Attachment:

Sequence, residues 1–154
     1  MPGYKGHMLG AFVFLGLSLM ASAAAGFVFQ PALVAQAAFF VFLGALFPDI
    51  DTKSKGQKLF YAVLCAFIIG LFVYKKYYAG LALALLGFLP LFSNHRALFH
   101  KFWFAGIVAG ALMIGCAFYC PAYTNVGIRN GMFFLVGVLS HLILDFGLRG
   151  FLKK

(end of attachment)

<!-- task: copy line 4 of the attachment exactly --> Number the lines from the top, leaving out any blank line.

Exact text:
   101  KFWFAGIVAG ALMIGCAFYC PAYTNVGIRN GMFFLVGVLS HLILDFGLRG